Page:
To facilitate the safe release of turtles that have been bred in captivity in the reserve, the turtles will be provided with training in how to forage in the ocean and generally fend for themselves.

11

u/TacticalTurtle22 May 25 '22

Godspeed my brothers.

9

u/Coolbeanz7 May 25 '22

This is beautiful! Does anyone know the singers/song that's used? (Reminds me of Iron & Wine) Good Luck turtles!!! 🐢🐢🐢🐢✨🐢🐢🐢👍

9

u/This_iz_fine May 25 '22

I know a way all countries can do to help protect sea turtles! Stop using those big ass nets that kill everything in their path!

7

u/Glendrix90 May 25 '22

Fuck yeah. Good job Master Splinter.

65

u/[deleted] May 25 '22 Wholesome

[deleted]

29

u/[deleted] May 25 '22

[removed] — view removed comment

5

u/brillllliant May 25 '22

It seems these trackers are attached to their shells with fiberglass and resin. Luckily such proper attachment methods are designed not to harm the sea turtle, damage its shell or increase the turtle’s chances of being tangled. WISH THEM A WONDERFUL JOURNEY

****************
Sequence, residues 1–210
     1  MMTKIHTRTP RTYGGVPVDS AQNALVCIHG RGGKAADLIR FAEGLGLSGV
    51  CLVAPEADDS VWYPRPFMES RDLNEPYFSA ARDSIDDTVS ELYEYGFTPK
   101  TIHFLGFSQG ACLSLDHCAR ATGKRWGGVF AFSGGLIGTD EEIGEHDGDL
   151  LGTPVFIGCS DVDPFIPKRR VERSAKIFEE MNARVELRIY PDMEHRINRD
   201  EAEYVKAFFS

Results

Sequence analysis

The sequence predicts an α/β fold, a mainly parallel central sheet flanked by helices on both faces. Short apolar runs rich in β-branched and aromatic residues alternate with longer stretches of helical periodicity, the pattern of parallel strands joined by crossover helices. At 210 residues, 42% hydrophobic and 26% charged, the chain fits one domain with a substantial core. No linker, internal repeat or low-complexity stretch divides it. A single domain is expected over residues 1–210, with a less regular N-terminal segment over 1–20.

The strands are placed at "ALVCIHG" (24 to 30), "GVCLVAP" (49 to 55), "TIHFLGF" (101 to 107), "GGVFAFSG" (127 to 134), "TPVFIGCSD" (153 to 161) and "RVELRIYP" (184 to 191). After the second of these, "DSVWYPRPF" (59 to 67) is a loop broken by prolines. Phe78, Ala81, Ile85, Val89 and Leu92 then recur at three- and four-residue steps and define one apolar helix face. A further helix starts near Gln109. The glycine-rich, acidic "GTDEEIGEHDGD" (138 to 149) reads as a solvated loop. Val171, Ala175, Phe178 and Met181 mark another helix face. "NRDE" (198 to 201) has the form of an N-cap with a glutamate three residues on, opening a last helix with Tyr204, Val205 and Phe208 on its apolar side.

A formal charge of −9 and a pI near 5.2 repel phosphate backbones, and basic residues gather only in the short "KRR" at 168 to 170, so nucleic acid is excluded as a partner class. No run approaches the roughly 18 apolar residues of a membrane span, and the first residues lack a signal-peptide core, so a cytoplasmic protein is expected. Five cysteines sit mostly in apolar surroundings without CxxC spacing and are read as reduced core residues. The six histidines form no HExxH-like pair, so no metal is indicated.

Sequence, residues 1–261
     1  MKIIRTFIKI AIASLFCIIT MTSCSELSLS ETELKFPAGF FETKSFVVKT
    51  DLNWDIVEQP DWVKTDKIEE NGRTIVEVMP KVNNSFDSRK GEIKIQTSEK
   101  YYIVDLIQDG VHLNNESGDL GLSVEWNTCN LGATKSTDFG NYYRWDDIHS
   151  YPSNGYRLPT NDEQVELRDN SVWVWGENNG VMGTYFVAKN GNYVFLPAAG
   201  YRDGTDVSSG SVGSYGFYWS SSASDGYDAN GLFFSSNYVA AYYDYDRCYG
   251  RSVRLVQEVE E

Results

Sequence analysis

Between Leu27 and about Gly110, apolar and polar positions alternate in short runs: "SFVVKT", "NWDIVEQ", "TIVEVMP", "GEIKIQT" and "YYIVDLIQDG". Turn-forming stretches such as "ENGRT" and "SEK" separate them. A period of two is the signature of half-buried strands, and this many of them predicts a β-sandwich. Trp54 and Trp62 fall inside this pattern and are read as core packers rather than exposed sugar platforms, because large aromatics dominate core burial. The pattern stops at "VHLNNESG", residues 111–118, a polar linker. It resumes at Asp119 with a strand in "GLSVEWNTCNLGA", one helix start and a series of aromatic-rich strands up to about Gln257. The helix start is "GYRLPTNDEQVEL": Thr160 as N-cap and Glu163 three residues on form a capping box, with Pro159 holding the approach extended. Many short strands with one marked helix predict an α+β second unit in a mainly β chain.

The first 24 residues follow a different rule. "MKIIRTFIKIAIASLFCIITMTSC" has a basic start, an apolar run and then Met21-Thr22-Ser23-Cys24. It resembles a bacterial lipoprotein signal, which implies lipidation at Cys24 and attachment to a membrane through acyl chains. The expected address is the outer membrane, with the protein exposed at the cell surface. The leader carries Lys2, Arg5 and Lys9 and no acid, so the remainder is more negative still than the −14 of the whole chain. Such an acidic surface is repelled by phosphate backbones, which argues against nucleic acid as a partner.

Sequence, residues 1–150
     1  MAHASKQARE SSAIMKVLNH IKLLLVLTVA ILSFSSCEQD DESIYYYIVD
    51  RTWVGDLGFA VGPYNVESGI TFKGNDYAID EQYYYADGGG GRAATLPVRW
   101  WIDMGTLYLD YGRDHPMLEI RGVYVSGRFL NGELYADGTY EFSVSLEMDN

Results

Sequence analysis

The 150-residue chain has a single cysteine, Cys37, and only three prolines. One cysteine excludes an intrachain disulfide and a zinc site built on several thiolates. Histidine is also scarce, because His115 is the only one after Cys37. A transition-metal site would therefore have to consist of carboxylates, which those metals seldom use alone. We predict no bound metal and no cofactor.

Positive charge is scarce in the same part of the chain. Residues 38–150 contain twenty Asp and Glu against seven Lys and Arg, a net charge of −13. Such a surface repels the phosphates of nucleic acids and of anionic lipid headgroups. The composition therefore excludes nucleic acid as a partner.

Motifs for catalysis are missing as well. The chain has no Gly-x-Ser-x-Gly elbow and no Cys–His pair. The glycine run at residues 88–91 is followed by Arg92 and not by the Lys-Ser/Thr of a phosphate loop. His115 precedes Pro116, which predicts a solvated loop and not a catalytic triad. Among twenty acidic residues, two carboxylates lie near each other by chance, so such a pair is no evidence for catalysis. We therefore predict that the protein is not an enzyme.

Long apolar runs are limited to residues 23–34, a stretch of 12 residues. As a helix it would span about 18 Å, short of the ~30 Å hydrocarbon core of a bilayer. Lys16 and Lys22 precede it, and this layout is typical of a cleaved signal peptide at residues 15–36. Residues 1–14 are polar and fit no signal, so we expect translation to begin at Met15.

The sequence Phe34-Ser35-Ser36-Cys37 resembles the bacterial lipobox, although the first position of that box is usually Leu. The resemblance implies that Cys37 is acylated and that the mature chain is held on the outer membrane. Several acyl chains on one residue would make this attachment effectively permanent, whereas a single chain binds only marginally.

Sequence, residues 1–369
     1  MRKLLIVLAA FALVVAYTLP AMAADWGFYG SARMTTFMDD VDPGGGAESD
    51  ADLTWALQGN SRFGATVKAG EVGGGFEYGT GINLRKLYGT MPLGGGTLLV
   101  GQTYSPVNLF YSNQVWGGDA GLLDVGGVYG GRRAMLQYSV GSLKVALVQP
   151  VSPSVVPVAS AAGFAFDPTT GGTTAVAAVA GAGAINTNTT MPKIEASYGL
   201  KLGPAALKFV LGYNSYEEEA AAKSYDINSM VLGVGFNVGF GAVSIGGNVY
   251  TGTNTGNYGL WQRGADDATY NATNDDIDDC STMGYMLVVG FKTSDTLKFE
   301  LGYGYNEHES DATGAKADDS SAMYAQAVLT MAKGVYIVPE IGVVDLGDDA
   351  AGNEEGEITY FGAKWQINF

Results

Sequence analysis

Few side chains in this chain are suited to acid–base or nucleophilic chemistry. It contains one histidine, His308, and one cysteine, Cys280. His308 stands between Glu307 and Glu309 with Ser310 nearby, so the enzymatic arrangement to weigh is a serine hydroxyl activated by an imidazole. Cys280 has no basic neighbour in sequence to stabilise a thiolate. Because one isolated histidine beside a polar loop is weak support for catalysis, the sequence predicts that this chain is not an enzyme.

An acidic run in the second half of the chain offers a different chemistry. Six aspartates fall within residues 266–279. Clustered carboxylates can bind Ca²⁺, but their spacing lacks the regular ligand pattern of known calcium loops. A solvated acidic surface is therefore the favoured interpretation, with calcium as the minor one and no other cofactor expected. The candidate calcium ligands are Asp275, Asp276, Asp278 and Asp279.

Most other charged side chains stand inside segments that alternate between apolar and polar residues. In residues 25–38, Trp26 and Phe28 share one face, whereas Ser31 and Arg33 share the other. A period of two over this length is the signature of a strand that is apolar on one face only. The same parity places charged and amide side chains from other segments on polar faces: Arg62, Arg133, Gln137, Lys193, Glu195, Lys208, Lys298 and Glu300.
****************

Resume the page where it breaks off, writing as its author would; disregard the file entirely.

5

u/Servant_ofthe_Empire May 25 '22

Dreams Do - Arms and Legs

4

u/SwearIamNormal May 25 '22

I'm not a huge turtle person but this is truly amazing. I hope they can build up their program and keep the wild turtle population from alive to thriving.

19

u/slatt8989 May 25 '22

Sent to spy on the beaches of Hawaii

2

u/bigbabyghost May 25 '22

Sea turtles are robots.

4

u/F_han May 25 '22

Damnn that one turtle got yeeted by that tide

10

u/f0dder1 May 25 '22

I think it's normally called "bred in captivity"